You can special order Left of the Dial from Barnes & Noble and local bookstores as well as buying it online.
Public libraries will be able to buy copies so you’ll be able to check it out of the library too.
Towards March I will do book signings in the New York City area.
Shortly I will create a GoodReads author account so stay tuned for this also.
I recommend plotting in chronological order the key events of your life.
Take the event that resonates with you the most and start writing about that time in your life.
The goal is to have 50 pages of writing. I recommend joining a writing workshop that is comprised of supportive, knowledgeable, and educated individuals from diverse walks of life.
The first memoir workshop I joined in 2001 was for Italian American writers. The next workshop I joined had four women and was at first lead by a published fiction writer and playwright. Then we met on our own at each others’ houses.
I was not afraid to tell my story to unknown strangers in 2001 and then again with the women. At some point, you’ll have to get feedback for your writing. You can’t rely solely on your own eye or ear.
There is no formula for writing memoir. I told my story in chronological order and tightly edited it to include only certain scenes that followed one into the other in a cohesive, linear narrative.
You can’t bridle up what you have to say when you first start. It might take two, three, or more rounds of editing to polish and perfect your story.
So write where you are. Keeping going. Listen to other people’s feedback with an open mind.
You want to publish only the best possible version of your story. Regardless of whether you get an editor to buy your book, or you decide to self-publish, you have to bring out a great, engaging story.
I will talk more in the coming blog entries about how to see your life with new eyes to uplift your narrative. Or as one woman in the first workshop told another woman, “Be Irish” even though she wasn’t from Ireland. You have to fully become the character whose life you’re crafting.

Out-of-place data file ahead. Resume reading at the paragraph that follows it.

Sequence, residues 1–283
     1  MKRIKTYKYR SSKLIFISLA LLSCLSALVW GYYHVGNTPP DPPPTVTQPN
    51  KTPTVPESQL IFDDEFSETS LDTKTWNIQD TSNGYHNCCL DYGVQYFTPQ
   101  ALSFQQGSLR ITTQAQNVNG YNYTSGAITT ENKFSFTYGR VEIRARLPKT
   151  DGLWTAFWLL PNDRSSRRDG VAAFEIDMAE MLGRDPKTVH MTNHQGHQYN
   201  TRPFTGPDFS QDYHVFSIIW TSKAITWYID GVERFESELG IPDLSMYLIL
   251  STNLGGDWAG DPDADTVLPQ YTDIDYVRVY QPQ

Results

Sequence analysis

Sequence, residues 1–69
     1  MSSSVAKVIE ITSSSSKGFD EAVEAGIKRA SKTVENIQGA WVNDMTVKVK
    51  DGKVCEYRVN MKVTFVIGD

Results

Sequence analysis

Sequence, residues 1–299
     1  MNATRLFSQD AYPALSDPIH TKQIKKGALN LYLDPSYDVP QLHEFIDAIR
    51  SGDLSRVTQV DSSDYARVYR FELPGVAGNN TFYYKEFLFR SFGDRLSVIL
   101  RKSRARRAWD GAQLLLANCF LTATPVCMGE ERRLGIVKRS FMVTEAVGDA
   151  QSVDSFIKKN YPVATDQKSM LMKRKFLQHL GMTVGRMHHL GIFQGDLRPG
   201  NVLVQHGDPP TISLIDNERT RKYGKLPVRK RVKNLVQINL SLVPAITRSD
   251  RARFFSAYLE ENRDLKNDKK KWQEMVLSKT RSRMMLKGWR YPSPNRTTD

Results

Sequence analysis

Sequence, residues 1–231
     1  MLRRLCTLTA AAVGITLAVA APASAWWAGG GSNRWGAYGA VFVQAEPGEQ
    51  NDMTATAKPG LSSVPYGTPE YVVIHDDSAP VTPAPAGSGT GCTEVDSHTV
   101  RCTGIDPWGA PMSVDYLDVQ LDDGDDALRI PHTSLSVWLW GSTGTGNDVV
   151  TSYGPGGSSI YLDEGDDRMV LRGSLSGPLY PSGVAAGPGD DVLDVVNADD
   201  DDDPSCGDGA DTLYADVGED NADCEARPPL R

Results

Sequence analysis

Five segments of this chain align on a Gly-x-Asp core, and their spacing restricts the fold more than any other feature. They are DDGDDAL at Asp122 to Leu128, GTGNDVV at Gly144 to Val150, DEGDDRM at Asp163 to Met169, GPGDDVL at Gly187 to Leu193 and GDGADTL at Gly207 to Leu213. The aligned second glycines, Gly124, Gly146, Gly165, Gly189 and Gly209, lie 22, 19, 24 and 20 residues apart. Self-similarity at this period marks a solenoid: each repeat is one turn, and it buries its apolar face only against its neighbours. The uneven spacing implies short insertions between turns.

Sometimes this will be unsettling. You’ll have to go to the root of the narrative and pull up the weeds so that the gorgeous flowers show through. What you write might be about something sad, about a horror, yet there should always be something elegant and beautiful about it. (That’s what I think.)
I’m ticked up that most publishing houses only want to publish authors who write formula bestsellers like James Patterson and Douglas Preston. The houses are only willing to sign authors who can sell a million copies not 950,000 copies of a book.
In this climate, great works of literary merit are routinely rejected. I side with Amazon in the Hachette dispute. You can Google Amazon Hatchette dispute to read the story about the legal brawl. In short, Amazon wanted to reduce the price of Hachette books sold on the website. And Hatchette wouldn’t comply so Amazon delayed the shipment by a week or two of every Hachette book sold on the website.
Though Amazon shot dirty pool in doing this I do side with Amazon as opposed to the big publisher.
As a disc jockey on a college radio station in the 1980s, I played bands that were signed to indie record labels. The spirit of this DIY ethic is alive and well in the publishing world today. Defying the conservative, money-grubbing big publishing houses is possible and necessary in today’s literary climate for a lot of authors.
I read between 30 and 35 books every year. Thus I’m confident in my judgment of what makes a book good and what books shouldn’t be published. Plenty of great books have to get self-published because their authors don’t write formula thrillers like James Patterson or Douglas Preston.
Just like rock bands had to sign with indie record labels in the 1980s, a lot of authors today have to sign with independent publishing houses or go totally out on their own to bring out their books.
I will write in the coming weeks about how you can craft your own narrative to tell your story. You might want to get published or you simply might want to write things down for your own review.
Either way, if you have a story in you, you deserve to tell it in your own original way.
Stay tuned for what I think is a great way to start to write the story of your life.